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Chapter 20


Of the Dangers incurred by Princes or Republics who resort to Auxiliary or Mercenary Arms.


Had I not already, in another treatise, enlarged on the inutility of mercenary and auxiliary, and on the usefulness of national arms, I should dwell on these matters in the present Discourse more at length than it is my design to do. For having given the subject very full consideration elsewhere, here I would be brief. Still when I find Titus Livius supplying a complete example of what we have to look for from auxiliaries, by whom I mean troops sent to our assistance by some other prince or ruler, paid by him and under officers by him appointed, it is not fit that I should pass it by in silence.

It is related, then, by our historian, that the Romans, after defeating on two different occasions armies of the Samnites with forces sent by them to succour the Capuans, whom they thus relieved from the war which the Samnites Were waging against them, being desirious to return to Rome, left behind two legions to defend the Capuans, that the latter might not, from being altogether deprived of their protection, once more become a prey to the Samnites. But these two legions, rotting in idleness began to take such delight therein, that forgetful of their country and the reverence due to the senate, they resolved to seize by violence the city they had been left to guard by their valour. For to them it seemed that the citizens of Capua were unworthy to enjoy advantages which they knew not how to defend. The Romans, however, getting timely notice of this design, at once met and defeated it, in the manner to be more fully noticed when I come to treat of conspiracies.

Once more then, I repeat, that of all the various kinds of troops, auxiliaries are the most pernicious, because the prince or republic resorting to them for aid has no authority over them, the only person who possesses such authority being he who sends them. For, as I have said, auxiliary troops are those sent to your assistance by some other potentate, under his own flag, under his own officers, and in his own pay, as were the legions sent by the Romans to Capua. Such troops, if victorious, will for the most part plunder him by whom, as well as him against whom, they are hired to fight; and this they do, sometimes at the instigation of the potentate who sends them, sometimes for ambitious ends of their own. It was not the purpose of the Romans to violate the league and treaty which they had made with Capua; but to their soldiers it seemed so easy a matter to master the Capuans, that they were readily led into this plot for depriving them of their town and territories. Many other examples might be given to the same effect, but it is enough to mention besides this instance, that of the people of Regium, who were deprived of their city and of their lives by another Roman legion sent for their protection.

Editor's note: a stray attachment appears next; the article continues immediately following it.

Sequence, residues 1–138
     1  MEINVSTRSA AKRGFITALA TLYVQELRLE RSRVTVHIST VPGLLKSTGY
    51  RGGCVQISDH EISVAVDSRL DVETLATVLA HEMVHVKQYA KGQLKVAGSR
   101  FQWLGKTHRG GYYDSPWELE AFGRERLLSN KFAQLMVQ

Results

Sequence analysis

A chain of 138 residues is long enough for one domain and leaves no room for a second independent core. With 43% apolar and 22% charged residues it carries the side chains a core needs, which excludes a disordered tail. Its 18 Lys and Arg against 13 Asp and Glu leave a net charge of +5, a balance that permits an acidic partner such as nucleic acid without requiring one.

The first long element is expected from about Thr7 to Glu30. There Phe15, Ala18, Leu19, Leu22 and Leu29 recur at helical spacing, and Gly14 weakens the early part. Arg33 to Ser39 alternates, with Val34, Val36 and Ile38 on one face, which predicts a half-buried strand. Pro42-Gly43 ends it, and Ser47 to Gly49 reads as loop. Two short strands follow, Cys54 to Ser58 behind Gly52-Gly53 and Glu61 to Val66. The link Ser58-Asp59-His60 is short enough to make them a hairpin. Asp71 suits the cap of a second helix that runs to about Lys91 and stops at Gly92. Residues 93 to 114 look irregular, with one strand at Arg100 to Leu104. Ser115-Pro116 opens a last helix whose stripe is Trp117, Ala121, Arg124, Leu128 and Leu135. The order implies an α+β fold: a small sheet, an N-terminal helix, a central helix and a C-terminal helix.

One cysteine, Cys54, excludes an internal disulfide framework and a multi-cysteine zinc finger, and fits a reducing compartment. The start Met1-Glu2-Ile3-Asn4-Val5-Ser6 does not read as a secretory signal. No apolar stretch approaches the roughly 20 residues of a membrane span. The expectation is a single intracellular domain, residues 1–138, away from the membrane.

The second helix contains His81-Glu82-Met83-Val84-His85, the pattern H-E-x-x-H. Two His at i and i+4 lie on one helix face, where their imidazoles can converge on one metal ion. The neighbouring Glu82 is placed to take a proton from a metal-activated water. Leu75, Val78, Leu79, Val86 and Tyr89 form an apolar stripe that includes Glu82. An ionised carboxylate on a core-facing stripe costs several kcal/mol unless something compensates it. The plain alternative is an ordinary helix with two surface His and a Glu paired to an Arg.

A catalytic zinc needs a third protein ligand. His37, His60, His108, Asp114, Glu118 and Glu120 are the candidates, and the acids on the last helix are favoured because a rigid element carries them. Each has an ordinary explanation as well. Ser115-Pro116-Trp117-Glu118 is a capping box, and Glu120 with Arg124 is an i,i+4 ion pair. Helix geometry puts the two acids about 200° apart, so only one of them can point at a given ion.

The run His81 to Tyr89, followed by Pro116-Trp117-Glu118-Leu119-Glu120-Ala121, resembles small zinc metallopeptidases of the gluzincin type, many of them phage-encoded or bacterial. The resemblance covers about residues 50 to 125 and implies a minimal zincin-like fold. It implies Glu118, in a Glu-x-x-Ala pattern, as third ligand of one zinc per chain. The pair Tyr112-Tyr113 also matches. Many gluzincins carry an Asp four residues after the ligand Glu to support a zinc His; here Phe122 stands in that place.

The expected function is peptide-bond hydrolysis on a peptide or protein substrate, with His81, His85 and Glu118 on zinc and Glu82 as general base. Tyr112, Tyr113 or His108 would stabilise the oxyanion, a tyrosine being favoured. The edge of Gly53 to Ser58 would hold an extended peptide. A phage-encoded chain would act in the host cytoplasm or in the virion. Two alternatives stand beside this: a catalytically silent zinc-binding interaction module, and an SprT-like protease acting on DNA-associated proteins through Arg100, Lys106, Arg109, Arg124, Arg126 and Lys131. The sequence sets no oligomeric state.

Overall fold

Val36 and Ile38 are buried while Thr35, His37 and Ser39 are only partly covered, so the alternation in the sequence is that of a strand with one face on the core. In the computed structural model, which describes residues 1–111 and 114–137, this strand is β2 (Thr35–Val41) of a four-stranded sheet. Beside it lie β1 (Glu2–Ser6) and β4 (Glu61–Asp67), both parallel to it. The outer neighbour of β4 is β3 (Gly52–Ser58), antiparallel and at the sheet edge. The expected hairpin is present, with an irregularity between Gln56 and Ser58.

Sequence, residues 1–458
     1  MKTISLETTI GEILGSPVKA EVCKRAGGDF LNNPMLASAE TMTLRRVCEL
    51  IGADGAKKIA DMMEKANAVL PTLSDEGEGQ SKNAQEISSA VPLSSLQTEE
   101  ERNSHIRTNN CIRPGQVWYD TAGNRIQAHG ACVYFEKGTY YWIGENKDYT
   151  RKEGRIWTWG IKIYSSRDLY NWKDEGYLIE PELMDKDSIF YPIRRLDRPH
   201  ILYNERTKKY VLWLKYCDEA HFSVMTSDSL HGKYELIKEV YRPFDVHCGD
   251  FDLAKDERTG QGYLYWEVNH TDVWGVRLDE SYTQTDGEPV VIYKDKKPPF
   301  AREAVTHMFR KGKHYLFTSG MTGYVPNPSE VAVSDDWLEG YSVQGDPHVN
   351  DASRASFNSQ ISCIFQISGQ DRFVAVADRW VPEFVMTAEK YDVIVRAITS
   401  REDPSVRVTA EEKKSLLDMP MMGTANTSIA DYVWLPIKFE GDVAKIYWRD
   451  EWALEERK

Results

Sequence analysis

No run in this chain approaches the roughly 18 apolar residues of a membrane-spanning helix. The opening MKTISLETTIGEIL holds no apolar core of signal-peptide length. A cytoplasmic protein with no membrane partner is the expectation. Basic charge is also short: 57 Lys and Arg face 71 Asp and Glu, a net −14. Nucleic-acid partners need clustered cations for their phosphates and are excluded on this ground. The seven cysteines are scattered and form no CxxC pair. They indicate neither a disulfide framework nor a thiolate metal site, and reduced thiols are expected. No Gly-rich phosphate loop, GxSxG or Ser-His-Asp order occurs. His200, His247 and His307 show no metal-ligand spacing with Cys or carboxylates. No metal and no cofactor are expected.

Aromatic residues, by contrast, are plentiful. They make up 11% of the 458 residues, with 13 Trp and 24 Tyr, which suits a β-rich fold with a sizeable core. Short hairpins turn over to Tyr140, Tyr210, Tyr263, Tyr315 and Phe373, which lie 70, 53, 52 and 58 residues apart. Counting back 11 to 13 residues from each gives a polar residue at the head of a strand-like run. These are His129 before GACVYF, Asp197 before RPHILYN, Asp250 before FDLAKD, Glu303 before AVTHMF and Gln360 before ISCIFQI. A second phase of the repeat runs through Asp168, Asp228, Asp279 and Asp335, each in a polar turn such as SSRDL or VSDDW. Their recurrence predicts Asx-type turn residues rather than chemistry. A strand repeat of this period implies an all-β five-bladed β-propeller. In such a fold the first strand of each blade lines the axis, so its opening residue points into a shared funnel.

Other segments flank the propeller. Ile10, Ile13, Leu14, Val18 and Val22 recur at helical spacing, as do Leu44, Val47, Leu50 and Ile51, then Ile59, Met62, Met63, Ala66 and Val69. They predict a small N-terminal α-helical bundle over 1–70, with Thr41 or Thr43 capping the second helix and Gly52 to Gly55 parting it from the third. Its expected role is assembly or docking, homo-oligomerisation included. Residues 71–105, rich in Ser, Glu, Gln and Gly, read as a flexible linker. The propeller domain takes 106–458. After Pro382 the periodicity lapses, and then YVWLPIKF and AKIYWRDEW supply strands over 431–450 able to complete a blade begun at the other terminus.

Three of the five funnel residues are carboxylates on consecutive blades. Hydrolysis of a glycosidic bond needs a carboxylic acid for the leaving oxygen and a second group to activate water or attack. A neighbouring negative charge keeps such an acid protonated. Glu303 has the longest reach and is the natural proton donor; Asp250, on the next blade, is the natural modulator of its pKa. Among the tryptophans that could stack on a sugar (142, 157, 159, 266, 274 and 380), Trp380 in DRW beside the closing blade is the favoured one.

Princes and republics, therefore, should resort to any other expedient for the defence of their States sooner than call in hired auxiliaries, when they have to rest their entire hopes of safety on them; since any accord or terms, however hard, which you may make with your enemy, will be carefully studied and current events well considered, it will be seen that for one who has succeeded with such assistance, hundreds have been betrayed. Nor, in truth, can any better opportunity for usurping a city or province present itself to an ambitious prince or commonwealth, than to be asked to send an army for its defence. On the other hand, he who is so greedy of conquest as to summon such help, not for purposes of defence but in order to attack others, seeks to have what he can never hold and is most likely to be taken from him by the very person who helps him to gain it. Yet such is the perversity of men that, to gratify the desire of the moment, they shut their eyes to those ills which must speedily ensue and are no more moved by example in this matter than in all those others of which I have spoken; for were they moved by these examples they would see that the more disposed they are to deal generously with their neighbours, and the more averse they are to usurp authority over them, the readier will these be to throw themselves into their arms; as will at once appear from the case of the Capuans.


Niccolo Machiavelli

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